Disneyland expands alcohol sales to more restaurants

September 12, 2023, 7:24 PM · Today was the day that Disneyland expanded alcohol sales to three more table service restaurants in the park.

We told you about this expansion earlier this summer: Disneyland to serve alcohol at more restaurants. But today was the first day that we got to see exactly what would be on the new beverage menus at these three Disneyland restaurants.

River Belle Terrace not only added drinks to its menu, it also introduced today some new food items for its dinner menu, as well.

BBQ Brisket Burnt Ends Pasta
BBQ Brisket Burnt Ends Pasta. Photo courtesy Disneyland

Here are the new alcoholic beverages available at River Belle Terrace:

Over at Carnation Cafe, here is what Disneyland has added to the drink menu:

Finally, here are the selections at Cafe Orleans:

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Replies (6)

September 12, 2023 at 11:00 PM

charging $18 for a mimosa should be a federal crime

September 13, 2023 at 7:21 AM

Or $10.75 for a glass of water, err, I mean Michelob Ultra. Curious about that pasta. Burnt ends pasta sounds like it could be delicious in theory if served with something sturdy like a cheese tortellini. This dish looks a little busy though, like someone cooked it up from whatever needed to go in the fridge.

September 13, 2023 at 9:16 AM

The prices do seem high, but are pretty much in line with beer and wine prices in most entertainment venues. Considering how much many of these products (and ingredients) cost at most grocery stores and retailers, you would think they wouldn't need to charge so much, but that's been the case for the past 8-10 years. In fact, I've even noticed that prices at breweries and wineries, which have become more or less entertainment venues now, are getting pretty ridiculous - we visited a few different breweries during our recent trip to Seattle and San Francisco, and most beers were $9-13 per pint, which theoretically cuts out the distribution costs, even though you could get a 6-pack of the same beer in a local grocery/beer store for just a dollar or 2 more.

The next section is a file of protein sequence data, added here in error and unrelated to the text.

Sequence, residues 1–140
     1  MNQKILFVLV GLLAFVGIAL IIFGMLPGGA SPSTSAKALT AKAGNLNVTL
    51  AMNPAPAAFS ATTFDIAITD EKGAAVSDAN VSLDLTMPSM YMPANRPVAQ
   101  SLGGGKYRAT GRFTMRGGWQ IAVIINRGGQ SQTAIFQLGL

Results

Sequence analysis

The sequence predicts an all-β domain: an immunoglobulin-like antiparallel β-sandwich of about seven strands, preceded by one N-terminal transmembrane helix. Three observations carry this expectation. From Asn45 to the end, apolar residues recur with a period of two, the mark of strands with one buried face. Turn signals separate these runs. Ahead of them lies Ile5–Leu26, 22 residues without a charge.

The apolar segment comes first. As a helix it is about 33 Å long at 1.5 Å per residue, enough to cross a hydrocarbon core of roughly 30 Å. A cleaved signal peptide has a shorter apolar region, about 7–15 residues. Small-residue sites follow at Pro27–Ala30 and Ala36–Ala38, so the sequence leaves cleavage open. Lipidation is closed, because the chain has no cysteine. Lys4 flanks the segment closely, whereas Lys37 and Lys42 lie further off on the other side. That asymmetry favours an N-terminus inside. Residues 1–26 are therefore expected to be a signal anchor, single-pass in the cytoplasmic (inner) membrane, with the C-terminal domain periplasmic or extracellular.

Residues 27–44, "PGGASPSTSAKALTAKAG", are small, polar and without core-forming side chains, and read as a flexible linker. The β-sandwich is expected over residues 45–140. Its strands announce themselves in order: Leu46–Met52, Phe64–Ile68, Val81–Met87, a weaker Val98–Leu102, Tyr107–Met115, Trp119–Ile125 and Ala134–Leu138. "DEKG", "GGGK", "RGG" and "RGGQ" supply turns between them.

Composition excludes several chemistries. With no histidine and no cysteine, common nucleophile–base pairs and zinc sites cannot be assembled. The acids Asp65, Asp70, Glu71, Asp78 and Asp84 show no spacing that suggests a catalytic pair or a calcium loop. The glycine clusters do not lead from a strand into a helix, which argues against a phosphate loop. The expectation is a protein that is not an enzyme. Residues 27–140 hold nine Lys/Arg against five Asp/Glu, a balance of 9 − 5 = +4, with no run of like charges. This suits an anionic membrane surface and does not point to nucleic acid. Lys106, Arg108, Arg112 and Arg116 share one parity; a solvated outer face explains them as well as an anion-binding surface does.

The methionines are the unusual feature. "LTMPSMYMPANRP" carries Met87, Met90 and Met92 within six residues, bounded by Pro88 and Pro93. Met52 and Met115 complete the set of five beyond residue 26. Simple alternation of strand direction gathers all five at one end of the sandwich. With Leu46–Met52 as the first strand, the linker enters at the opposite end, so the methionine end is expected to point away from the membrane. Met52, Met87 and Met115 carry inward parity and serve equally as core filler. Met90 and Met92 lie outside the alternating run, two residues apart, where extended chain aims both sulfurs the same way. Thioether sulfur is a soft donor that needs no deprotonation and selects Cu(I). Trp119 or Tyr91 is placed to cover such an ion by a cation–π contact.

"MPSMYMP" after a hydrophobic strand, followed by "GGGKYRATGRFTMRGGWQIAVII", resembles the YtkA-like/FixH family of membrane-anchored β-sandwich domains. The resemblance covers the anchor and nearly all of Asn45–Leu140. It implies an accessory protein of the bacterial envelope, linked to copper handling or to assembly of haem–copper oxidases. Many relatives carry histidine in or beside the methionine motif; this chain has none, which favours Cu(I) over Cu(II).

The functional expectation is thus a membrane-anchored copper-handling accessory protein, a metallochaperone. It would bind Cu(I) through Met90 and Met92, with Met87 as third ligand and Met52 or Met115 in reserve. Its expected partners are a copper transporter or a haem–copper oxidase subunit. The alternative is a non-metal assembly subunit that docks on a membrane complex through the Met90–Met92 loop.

It seems what used to be a 300% margin item is now creeping up to 500% in most venues. Anyone complaining about these prices should look at how much alcohol costs at most stadiums and arenas - my biggest gripe is that they argue that the price per ounce is a value because they're giving you a GIANT 26+ oz can, which is warm when you drink the last 3rd of it (even with a coozie).

I do appreciate the attempt to stay local and offer a decent variety of options with these menus, which is really what you want in a theme park. Far too many entertainment venues have a super limited and incredibly lazy beer/wine list that makes this look like a curated offering at a high end gastro-pub.

@Jacob - I completely agree with your note about the burnt ends. The photo looks like tagliatelle, which is probably a good non-filled pasta to use, but I anticipate consistency issues with a type of pasta that takes great care and skill to cook evenly. Personally, I have typically seen burnt ends served with farfalle or maybe rotini, but I do think it would work with large shells or orecchiette.

September 13, 2023 at 1:07 PM

I think the beer and liquor prices are in line with what I'd expect from a theme park or entertainment venue. but a mimosa is cheap, fake champagne with the crummiest orange juice you can find. I get it, they want to keep the pricing consistent (and their margin high) but at least give me a screwdriver if you're gonna charge me $20 for an orange juice-based drink.

September 13, 2023 at 1:32 PM

@Jacob - I think $18 is fine for a mimosa that's mixed to order with decent champagne or prosecco (and fresh squeezed OJ), but if they're going to pre-mix it and put it in a giant tub and fill glasses from a spigot (which is what I would expect from the "House Hurricane" and "Peach Pie Margarita"), then $18 is definitely a bit unreasonable.

Frankly, if you're going to serve mimosas as part of breakfast/brunch, they should be bottomless (but we all know Disney would NEVER do that) since the resulting ABV is typically equivalent or less than a typical beer (5-8%) with a smaller serving size (usually 8-10 OZ).

September 13, 2023 at 2:41 PM

Totally agreed Russell — I'm obviously begging the question a bit given how these things tend to go in theme park kitchens. If it's made to order ... I'd still choose a different item, but would be less aggrieved by it.

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